Tuesday, April 8, 2014

Three things people forget about Mickey Rooney

Mickey Rooney's death Sunday triggered many tributes, including one in The Observer. Inexplicably, his Oscar-nominated performance in "The Black Stallion" was not listed as one of his five best. Each to his taste, I guess. Here's a bit of my favorite Rooney performance: "The Comedian," a Playhouse 90 live TV broadcast from 1957 about an egomaniacal comic.

The obits mentioned his youthful stardom, his multiple marriages, his small size and large ego. But three things seemed to be overlooked.

First, you could never really appreciate him until you saw him in person. He came to Charlotte in the early 1980s to do the live show "Sugar Babies," a tribute to vaudeville, and his outsized personality filled Ovens Auditorium. He tore up the stage -- singing, dancing, blasting jokes at top speed -- with the energy of a guy half his age. (He'd have been in his early 60s.) Even Ann Miller, no shrinking violet, paled next to him.

Second, we underestimate his popularity. According to annual polls in Quigley's Motion Picture Almanac, which asks theater exhibitors to report box-office grosses, Rooney was the number one star in America in 1939, 1940 and 1941. Only eight actors in history have topped the charts more then Rooney -- and he did it during the years when "Gone With the Wind" set box-office records around the world!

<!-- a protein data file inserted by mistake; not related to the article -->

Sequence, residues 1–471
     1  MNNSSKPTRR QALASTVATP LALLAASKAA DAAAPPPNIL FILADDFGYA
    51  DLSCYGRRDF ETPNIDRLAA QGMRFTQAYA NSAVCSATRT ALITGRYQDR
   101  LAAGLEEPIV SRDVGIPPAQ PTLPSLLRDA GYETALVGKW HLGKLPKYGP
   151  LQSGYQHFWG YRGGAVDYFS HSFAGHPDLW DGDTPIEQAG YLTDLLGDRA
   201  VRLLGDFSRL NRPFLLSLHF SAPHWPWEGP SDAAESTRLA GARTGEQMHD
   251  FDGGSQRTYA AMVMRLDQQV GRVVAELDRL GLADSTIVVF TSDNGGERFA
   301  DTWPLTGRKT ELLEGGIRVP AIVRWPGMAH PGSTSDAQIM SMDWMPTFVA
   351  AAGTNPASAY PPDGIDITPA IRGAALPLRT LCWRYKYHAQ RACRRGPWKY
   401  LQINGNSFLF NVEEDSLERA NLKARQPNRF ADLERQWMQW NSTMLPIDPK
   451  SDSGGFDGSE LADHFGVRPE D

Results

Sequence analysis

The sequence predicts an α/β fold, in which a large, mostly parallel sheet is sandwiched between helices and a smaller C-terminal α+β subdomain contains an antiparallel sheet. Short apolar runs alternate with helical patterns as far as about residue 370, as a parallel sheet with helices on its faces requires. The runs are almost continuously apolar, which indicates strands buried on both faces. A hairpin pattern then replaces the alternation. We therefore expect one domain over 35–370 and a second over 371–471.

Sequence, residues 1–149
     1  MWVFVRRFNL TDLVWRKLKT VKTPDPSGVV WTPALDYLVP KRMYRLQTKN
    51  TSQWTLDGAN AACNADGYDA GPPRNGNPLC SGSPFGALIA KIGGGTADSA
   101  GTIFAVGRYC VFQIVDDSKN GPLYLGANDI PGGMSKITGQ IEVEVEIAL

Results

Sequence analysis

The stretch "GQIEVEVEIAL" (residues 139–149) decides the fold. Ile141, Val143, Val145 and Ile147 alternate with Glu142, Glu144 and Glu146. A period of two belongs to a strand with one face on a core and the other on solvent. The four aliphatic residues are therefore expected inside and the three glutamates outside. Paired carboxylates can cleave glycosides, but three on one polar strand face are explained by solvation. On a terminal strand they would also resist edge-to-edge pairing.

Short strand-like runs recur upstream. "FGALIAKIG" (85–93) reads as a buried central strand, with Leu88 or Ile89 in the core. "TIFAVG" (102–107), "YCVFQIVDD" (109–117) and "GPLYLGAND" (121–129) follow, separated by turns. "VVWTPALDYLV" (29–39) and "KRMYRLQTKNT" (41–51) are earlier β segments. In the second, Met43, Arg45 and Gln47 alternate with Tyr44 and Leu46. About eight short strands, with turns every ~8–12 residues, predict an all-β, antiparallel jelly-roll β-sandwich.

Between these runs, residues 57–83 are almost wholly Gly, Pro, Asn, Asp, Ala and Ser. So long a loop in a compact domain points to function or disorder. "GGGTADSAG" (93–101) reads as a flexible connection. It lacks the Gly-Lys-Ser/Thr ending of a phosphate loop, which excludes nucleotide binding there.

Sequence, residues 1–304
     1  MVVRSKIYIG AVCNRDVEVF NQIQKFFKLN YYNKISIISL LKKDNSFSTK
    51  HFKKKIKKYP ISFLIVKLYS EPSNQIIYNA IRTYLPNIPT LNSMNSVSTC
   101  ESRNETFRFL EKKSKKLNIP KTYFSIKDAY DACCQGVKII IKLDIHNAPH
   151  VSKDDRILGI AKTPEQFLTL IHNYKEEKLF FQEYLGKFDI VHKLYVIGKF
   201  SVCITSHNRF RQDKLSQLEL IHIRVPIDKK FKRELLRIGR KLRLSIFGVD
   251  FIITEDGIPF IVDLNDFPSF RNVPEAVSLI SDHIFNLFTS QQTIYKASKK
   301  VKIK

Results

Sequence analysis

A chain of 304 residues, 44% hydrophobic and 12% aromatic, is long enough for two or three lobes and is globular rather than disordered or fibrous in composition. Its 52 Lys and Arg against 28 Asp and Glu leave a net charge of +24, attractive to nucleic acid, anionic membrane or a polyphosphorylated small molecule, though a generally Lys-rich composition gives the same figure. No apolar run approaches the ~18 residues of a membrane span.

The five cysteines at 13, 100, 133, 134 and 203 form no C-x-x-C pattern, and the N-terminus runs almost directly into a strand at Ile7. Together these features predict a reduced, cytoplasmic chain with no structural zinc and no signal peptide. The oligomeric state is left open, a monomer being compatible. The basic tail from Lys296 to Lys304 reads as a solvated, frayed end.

Third, everyone remarks on his eight marriages, including his first to Smithville's Ava Gardner. But hardly anyone acknowledges that his eighth, to a woman 18 years his junior, seems to have made both of them happy. He had married actress Jan Rooney just a few years before I interviewed him during the "Sugar Babies" tour. "I've made a lot of mistakes with women, but this one is finally the right one," he said. Their 35-year union ended with his death, so I expect that was true.